The mechanism by which AICDA-induced SHM occurs has been studied extensively [4]. AICDA converts dC to dU, which mimics dT during replication. The mismatch of dU:dG can be processed either by DNA replication to introduce a C-to-T mutation in one of the daughter cells, or by error-prone DNA repair mechanisms, such as base excision repair (BER) or mismatch repair (MMR) to achieve a wider spectrum of mutations at the dU:dG mismatch sites or the flanking nucleotides. Transcriptional activation of the AICDA target loci is required but not sufficient for SHM [5]. Sequence studies of the V region have shown that SHMs are more likely to be transitions (C to T, G to A) than transversions (C to A or G; G to C or T) [6]. In addition, AICDA preferentially targets an RGYW/WRCY (W = A or T, R = A or G, Y = C or T) motif at SHM hotspots on both DNA stands [7], [8], as well as a WA/TW motif [9]. Taken together these results suggest that AICDA-induced SHM is a unique mechanism that B cells adopt to expand antibody repertoire.

Unfortunately, AICDA can also accidentally introduce mutations at bystander loci in B cells undergoing SHM process. SHM hotspots have been observed at non-immunoglobulin loci, particularly within the 5′ regulatory regions of certain proto-oncogenes (BCL6, MYC, PAX5, PIM1, RhoH, S1PR2, and SOCS1) in diffuse large B cell lymphomas (DLBCL) [10], [11], [12], an aggressive disease comprising approximately 40% newly diagnosed non-Hodgkins lymphomas [13]. This aberrant phenomenon has only been observed in lymphomas arising from B cells that have experienced GC reactions, such as DLBCL, but not in other cancers because dramatic induction of AICDA expression only occurs in these B cells upon antigen stimulation. Due to the limitation of conventional methods, to date this phenomenon has only been studied in a handful of genes. Given that AICDA often remains active in many lymphomas [14], [15], [16], [17], there may be additional genes targeted aberrantly by SHM in DLBCLs. It has been postulated that SHM in these genes may deregulate their expression and contribute to the malignant transformation of activated B cells, however this has only been shown for a handful of genes. For example, SHM-induced mutations in the BCL6 5′ regulatory region disrupt BCL6 binding sites and BCL6 self-repression, thus potentially leading to increased BCL6 levels [18]. To identify genes that are targeted by SHM genome-wide, we developed an approach to search for SHM hotspots in the genome integrating next generation sequencing technology with specifically designed computational genomics algorithms. Using this approach we identified new functionally relevant sites of SHM in lymphoma cells. We thus provide a simple and cost-efficient method to screen lymphoma genomes for gene regulatory SHM hotspots and 5′ regulatory mutations, an area that has not been fully explored so far.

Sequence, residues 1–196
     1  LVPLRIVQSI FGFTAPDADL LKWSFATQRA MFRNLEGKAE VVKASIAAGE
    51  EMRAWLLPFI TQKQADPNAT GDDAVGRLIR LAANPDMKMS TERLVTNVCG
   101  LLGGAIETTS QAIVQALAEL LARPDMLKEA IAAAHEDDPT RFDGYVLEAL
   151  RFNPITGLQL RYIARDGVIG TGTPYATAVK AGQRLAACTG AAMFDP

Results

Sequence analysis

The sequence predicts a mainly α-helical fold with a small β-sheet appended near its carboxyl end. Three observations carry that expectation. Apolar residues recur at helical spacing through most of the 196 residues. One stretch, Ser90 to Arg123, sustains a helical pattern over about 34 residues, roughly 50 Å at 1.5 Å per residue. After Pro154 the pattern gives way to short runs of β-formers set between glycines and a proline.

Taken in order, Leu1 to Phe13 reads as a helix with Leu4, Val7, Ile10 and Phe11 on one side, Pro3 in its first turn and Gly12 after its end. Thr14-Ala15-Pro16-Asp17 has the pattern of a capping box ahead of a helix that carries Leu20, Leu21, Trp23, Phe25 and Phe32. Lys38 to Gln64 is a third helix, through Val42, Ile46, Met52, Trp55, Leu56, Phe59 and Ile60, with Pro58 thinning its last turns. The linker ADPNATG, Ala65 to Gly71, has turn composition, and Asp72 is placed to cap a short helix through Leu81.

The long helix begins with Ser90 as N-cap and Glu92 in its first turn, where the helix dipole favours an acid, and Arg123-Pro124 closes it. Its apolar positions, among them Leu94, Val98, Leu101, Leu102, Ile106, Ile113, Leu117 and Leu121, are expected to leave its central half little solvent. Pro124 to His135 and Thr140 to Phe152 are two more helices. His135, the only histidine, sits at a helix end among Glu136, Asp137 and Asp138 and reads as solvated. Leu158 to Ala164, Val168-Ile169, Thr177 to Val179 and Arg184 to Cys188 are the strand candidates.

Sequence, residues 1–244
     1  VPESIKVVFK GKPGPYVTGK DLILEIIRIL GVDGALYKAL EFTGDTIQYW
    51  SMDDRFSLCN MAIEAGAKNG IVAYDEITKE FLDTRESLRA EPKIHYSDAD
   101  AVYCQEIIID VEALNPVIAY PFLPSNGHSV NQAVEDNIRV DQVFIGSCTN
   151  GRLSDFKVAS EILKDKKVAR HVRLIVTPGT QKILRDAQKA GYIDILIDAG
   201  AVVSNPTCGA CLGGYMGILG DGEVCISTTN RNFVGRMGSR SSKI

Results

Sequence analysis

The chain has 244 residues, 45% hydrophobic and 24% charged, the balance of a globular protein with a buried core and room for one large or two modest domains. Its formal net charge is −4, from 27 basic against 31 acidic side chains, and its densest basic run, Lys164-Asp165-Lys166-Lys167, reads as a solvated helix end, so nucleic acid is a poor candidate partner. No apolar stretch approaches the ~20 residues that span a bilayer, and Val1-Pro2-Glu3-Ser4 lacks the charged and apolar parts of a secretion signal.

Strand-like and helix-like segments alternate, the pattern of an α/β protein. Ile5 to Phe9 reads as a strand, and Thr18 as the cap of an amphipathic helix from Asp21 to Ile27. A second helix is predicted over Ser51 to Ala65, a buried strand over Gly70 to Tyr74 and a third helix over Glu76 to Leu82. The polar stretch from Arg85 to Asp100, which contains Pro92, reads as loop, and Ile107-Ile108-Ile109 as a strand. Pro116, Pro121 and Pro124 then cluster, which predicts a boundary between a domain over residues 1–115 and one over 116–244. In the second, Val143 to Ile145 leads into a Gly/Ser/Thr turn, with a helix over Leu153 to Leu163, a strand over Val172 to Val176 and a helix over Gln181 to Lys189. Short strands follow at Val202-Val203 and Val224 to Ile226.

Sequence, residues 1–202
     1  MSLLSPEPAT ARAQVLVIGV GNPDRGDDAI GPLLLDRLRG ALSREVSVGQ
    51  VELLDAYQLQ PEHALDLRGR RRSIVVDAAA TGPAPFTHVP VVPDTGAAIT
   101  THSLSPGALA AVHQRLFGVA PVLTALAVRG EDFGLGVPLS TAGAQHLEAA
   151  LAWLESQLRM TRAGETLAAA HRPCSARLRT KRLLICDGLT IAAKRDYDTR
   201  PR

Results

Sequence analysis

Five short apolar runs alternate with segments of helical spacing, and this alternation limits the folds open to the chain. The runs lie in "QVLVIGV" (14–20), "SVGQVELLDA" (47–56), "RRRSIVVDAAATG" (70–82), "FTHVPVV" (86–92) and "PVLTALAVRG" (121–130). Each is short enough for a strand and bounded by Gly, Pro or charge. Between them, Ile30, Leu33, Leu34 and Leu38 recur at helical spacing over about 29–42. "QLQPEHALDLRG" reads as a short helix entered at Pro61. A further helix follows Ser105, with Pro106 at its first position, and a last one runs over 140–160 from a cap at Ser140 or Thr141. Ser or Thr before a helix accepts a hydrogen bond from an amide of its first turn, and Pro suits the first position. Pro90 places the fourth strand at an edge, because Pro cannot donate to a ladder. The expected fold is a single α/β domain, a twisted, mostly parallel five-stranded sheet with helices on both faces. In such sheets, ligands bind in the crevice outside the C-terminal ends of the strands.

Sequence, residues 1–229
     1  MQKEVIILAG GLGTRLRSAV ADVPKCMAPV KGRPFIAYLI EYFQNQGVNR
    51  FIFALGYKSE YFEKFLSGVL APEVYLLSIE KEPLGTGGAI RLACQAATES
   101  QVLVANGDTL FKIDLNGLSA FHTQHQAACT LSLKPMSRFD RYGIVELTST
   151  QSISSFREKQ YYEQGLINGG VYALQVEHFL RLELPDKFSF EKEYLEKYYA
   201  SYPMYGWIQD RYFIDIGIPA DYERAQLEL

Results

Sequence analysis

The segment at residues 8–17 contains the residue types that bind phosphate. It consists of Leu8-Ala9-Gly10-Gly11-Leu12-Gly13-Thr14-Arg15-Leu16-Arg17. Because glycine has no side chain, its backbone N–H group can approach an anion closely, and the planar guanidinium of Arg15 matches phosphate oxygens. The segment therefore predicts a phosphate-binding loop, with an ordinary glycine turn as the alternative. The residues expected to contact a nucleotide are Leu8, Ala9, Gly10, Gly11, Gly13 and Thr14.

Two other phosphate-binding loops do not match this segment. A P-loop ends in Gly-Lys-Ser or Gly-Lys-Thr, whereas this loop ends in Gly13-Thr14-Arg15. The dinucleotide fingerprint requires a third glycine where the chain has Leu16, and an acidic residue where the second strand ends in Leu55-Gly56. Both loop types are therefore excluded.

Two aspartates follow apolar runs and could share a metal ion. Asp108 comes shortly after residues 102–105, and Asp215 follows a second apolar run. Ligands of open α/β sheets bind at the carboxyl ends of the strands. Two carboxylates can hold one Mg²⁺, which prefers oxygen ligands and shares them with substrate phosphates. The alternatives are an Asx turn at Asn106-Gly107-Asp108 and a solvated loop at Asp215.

Using H3K4me3 ChIP-seq Reads for SNV and SHM Calling